Former Puffy Protege Now Jewish-Ish
Rapper Shyne explains, sort of, on post-prison visit to Belize
The rapper Shyne, who was released from jail last month after serving more than eight years for his involvement in that big Puffy Combs-J.Lo-fleeing the scene back in 1999, was in his native Belize this week, where his dad is the prime minister, talking to students at a college he briefly attended in 1993. While he was in the big house, Shyne changed his legal name from Jamal Michael Barrow to Moses Michael Leviy in deference not exactly to a conversion, but, as he told listeners, to “a hereditary thing in my ancestry.” Vague as that is and with mentor Harvard University professor Charles Ogletree by his side, Shyne went on to elaborate on his decision. “I don’t want to be like Michael Jordan, I want to be like Moses or King David or King Solomon” he said. “Those are the guys that I aspire to be like. I didn’t want to be like the kingpin on my block, I want to be like the guy that part the seas.” Of course, the “guy” that parts the seas has a different name altogether—one we’re not really supposed to utter. But that’s picking nits, especially given the revelation that Shyne shared about the “the biggest king in the world,” aka King David. “You know we drive Lamborghinis and Ferraris and that’s what he did.” Royalty and rappers—they’re just like us!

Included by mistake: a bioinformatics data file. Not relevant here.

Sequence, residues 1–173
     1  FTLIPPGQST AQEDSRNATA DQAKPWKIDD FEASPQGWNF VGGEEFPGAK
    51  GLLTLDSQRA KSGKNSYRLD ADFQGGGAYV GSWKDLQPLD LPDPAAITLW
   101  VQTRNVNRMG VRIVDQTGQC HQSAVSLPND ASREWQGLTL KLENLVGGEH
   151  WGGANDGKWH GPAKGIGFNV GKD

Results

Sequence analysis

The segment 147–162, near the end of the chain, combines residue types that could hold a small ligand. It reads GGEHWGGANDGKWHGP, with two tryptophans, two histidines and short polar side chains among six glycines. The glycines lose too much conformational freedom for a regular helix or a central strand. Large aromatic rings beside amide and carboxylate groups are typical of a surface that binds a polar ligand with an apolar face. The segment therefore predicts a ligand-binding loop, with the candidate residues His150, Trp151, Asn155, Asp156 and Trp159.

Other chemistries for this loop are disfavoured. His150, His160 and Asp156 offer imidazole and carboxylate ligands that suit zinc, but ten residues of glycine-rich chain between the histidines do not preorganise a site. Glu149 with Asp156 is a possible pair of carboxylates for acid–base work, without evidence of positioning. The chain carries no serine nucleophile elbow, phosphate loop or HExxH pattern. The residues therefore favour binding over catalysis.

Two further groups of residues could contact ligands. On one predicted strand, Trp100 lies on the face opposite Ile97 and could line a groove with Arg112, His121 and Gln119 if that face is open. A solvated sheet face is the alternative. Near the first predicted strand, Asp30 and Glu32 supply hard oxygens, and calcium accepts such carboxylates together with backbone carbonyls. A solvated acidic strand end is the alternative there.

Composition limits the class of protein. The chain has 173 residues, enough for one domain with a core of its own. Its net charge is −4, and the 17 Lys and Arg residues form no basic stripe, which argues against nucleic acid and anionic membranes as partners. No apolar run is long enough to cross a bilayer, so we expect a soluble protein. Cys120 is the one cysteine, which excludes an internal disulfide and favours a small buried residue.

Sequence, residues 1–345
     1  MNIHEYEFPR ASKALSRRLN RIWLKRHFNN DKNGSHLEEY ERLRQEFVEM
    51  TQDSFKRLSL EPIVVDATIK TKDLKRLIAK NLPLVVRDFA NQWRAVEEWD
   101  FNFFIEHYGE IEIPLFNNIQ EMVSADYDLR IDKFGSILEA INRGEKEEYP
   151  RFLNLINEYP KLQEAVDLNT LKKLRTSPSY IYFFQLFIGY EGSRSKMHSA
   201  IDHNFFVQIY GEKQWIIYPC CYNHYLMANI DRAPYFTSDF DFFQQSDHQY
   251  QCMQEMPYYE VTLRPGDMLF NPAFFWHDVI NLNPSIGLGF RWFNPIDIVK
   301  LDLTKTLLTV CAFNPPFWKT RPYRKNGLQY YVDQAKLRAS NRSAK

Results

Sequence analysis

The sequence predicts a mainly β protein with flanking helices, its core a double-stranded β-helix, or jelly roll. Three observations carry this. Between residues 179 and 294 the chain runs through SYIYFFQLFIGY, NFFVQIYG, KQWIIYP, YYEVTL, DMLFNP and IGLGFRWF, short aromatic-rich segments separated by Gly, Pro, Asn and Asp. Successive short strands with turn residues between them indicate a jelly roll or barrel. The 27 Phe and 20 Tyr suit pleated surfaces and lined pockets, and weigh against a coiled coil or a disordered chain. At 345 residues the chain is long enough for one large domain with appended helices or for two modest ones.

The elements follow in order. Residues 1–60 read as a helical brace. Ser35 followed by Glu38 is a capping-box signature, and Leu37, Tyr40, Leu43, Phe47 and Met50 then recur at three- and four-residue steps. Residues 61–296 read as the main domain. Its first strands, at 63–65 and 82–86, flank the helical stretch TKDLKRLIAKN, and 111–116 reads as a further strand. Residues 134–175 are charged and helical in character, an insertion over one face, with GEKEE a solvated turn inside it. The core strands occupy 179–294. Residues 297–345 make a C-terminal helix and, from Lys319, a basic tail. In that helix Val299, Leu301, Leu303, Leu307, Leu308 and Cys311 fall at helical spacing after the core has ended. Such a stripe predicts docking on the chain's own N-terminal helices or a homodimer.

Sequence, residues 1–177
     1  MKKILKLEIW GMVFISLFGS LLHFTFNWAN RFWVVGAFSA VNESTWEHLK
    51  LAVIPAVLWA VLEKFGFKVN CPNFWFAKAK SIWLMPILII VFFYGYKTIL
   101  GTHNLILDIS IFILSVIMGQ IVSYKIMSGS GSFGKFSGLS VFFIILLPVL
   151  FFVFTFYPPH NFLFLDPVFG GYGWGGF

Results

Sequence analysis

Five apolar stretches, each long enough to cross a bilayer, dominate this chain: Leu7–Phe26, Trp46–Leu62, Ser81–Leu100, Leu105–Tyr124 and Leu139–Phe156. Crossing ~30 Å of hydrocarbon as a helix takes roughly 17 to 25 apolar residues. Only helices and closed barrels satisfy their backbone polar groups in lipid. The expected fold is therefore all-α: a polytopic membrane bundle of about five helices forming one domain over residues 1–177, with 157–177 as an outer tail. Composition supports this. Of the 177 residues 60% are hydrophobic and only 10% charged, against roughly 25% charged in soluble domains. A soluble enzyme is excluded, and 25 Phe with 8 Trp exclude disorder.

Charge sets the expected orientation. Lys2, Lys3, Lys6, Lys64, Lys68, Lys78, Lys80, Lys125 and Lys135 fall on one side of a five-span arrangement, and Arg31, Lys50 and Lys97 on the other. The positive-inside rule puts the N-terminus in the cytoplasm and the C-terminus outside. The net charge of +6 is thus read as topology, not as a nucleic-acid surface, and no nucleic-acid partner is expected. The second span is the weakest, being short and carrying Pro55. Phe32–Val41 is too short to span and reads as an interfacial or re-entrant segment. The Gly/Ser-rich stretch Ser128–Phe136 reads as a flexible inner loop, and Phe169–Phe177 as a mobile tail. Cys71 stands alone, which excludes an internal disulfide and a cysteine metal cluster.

Shyne Speaks [7 News Belize]
Daily rate: $2
Monthly rate: $18
Yearly rate: $180
WAIT, WHY DO I HAVE TO PAY TO COMMENT?
Tablet is committed to bringing you the best, smartest, most enlightening and entertaining reporting and writing on Jewish life, all free of charge. We take pride in our community of readers, and are thrilled that you choose to engage with us in a way that is both thoughtful and thought-provoking. But the Internet, for all of its wonders, poses challenges to civilized and constructive discussion, allowing vocal—and, often, anonymous—minorities to drag it down with invective (and worse). Starting today, then, we are asking people who'd like to post comments on the site to pay a nominal fee—less a paywall than a gesture of your own commitment to the cause of great conversation. All proceeds go to helping us bring you the ambitious journalism that brought you here in the first place.
I NEED TO BE HEARD! BUT I DONT WANT TO PAY.
Readers can still interact with us free of charge via Facebook, Twitter, and our other social media channels, or write to us at firstname.lastname@example.org. Each week, we’ll select the best letters and publish them in a new letters to the editor feature on the Scroll.
We hope this new largely symbolic measure will help us create a more pleasant and cultivated environment for all of our readers, and, as always, we thank you deeply for your support.